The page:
ArticlesSpecial Mineral Studies

Silicate Liquid Immiscibility in Lunar Magmas, Evidenced by Melt Inclusions in Lunar Rocks

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Science  30 Jan 1970:
Vol. 167, Issue 3918, pp. 641-644
DOI: 10.1126/science.167.3918.641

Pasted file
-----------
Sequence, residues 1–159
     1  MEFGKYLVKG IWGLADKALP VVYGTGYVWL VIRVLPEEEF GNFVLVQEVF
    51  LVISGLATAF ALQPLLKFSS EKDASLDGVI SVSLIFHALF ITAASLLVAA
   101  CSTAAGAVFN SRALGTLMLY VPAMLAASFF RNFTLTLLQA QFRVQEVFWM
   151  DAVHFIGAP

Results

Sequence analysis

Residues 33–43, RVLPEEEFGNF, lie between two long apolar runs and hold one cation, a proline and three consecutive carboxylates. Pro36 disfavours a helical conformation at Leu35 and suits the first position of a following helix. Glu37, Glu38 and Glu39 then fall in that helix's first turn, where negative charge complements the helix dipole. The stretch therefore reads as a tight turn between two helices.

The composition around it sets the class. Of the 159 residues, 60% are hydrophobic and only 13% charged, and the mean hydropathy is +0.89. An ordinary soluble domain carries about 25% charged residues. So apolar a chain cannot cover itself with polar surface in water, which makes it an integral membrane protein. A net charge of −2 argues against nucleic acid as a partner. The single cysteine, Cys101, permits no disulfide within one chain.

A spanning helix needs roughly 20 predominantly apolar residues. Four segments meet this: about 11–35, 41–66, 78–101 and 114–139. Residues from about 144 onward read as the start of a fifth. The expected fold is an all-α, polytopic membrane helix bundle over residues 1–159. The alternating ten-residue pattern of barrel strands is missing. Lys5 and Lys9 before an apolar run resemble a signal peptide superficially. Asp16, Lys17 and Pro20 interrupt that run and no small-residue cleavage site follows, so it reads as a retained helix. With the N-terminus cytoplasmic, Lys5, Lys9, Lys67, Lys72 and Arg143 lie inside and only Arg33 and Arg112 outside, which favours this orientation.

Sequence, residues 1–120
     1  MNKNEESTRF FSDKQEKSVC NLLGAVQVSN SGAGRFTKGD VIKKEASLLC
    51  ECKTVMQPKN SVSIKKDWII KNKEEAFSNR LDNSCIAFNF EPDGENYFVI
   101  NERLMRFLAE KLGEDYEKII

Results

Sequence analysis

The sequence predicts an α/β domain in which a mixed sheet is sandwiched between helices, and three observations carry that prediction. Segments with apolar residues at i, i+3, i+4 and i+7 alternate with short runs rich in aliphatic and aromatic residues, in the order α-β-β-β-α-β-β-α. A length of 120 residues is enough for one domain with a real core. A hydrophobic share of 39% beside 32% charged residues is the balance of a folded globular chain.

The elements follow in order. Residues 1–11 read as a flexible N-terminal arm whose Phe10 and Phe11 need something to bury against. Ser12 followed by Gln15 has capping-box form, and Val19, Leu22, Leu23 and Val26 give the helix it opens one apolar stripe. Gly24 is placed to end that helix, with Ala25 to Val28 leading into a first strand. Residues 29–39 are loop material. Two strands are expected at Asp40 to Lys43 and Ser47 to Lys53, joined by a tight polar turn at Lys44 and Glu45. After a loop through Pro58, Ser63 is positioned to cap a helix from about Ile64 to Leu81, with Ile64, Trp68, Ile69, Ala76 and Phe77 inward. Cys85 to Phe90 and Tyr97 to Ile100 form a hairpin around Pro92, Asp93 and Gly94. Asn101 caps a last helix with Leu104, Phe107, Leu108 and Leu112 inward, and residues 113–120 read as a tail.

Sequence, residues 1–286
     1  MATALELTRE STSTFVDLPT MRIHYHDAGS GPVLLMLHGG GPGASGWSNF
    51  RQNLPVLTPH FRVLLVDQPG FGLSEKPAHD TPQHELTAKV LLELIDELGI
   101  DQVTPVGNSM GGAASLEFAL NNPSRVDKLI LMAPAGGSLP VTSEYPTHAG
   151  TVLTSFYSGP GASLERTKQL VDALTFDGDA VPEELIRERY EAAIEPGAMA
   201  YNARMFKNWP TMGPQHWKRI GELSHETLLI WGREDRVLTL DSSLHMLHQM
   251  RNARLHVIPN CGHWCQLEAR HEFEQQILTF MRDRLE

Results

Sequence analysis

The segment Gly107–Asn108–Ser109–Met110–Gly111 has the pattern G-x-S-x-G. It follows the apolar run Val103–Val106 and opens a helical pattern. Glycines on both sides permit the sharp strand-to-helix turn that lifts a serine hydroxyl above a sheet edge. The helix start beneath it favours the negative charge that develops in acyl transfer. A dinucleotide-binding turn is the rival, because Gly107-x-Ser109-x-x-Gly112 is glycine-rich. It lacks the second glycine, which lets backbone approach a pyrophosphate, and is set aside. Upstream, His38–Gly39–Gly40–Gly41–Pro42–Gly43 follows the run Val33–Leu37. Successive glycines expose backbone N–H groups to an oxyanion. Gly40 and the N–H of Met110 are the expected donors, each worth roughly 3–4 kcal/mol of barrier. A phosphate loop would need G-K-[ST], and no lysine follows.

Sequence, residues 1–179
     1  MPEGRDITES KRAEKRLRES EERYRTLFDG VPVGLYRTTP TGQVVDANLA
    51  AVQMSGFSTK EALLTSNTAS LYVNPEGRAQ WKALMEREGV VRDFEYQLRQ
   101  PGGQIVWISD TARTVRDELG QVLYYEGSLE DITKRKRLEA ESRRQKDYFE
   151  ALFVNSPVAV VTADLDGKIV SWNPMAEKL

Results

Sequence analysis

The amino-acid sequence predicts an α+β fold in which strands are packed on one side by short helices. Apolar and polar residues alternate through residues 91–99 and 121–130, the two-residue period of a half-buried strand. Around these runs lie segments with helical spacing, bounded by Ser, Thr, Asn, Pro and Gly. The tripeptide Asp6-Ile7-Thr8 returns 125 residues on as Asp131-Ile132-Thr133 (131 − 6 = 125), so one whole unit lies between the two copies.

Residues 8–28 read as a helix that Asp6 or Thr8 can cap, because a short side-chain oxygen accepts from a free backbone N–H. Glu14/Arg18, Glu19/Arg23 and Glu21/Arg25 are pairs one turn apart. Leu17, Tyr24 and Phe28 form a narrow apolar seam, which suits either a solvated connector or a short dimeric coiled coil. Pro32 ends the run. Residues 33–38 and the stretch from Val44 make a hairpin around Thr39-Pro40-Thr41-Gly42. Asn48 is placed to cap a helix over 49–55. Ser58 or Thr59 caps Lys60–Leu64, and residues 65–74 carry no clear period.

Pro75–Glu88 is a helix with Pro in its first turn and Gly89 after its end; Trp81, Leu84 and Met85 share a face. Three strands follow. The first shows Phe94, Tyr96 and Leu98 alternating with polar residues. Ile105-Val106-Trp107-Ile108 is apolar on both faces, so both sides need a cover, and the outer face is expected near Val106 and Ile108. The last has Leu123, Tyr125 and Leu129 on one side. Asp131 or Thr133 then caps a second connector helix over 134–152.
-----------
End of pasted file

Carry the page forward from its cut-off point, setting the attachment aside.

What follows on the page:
Examination of multiphase melt inclusions in 91 sections of 26 lunar rocks revealed abundant evidence of late-stage immiscibility in all crystalline rock sections and in soil fragments and most breccias. The two individual immiscible silicate melts (now glasses) vary in composition, but are essentially potassic granite and pyroxenite. This immiscibility may be important in the formation of the lunar highlands and tektites. Other inclusions yield the following temperatures at which the several minerals first appear on cooling the original magma: ilmenite (?) liquidus, 1210°C; pyroxene, 1140°C; plagioclase, 1105°C; solidus, 1075°C. The glasses also place some limitations on maximum and minimum cooling rates.

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